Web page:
"Oregon has a unique thing, and it was ahead of its time when it happened back in 1995, where kids who get convicted of Measure 11 can — if they're engaging in treatment and behaving appropriately — do up until their 25th birthday in a state juvenile facility," Wight said.
However she says that policy is not followed across the entire state; in most Oregon counties, kids arrested on a Measure 11 charge are more often ending up in an adult jail. "And numerous studies have found that youth are at greater risk for physical and sexual assault when they are in adult jails, and often what jailers do to protect youth from those physical and sexual abuse threats, put them in isolation," Wight said
"So many kids are spending three, six, nine months, sometimes a year or longer in isolation cells in county jails for their own protection — and while they're in there of course they're not receiving education services, treatment services, the kinds of things that we know actually help kids succeed, and make our communities safer," she said.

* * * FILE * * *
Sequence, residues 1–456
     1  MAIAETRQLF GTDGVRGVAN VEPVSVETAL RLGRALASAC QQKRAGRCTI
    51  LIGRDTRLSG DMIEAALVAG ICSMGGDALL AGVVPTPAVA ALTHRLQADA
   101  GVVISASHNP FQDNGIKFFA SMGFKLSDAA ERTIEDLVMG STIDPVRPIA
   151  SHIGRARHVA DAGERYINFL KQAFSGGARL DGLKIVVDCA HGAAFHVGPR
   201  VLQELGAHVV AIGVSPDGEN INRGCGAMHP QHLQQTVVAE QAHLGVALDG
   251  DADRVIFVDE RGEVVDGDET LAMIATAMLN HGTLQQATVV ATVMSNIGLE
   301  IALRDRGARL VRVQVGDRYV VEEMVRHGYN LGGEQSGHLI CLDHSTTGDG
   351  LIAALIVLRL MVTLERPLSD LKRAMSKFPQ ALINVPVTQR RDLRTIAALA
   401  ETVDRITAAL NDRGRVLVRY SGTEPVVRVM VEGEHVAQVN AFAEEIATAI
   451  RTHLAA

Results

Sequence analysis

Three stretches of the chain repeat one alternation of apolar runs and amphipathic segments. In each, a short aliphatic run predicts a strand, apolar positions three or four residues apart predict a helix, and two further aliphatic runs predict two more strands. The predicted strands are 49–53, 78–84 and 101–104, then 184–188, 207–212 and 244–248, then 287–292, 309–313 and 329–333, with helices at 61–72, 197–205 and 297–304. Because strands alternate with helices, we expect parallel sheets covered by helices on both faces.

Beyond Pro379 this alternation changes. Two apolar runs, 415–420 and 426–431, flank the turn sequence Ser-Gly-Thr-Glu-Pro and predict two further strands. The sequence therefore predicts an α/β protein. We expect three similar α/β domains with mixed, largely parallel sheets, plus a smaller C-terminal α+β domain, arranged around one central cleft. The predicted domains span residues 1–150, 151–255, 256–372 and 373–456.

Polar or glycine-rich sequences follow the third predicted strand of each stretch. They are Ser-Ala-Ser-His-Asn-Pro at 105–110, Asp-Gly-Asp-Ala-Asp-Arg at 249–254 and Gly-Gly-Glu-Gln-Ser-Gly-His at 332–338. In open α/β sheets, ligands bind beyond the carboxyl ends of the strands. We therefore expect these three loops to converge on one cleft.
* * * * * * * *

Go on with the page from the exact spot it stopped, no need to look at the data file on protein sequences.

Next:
She adds that there are "about seven" counties that don't put kids in adult jails, including Multnomah County, "most of the time, although there is always an exception for them where they can move a kid if they think isn't complying with their rules," she said.
"I think the most important thing is understanding that putting kids in the adult system and subjecting them to these long sentences, more often than not actually makes kids more likely to commit future crimes, than if we held them accountable within the juvenile justice system, and I don't think we new that when we passed Measure 11 back in 1994," she said. "Research is now showing us that this isn't good policy, it doesn't make us safer."
The Partnership for Safety and Justice, formerly called the Western Prisons Project, trains members to learn to write letters to the editor, have successful meetings with their legislators, and leads delegations to the state capitol in Salem on community lobbying days. For more information go to www.safetyandjustice.org, or call 503-335-8449.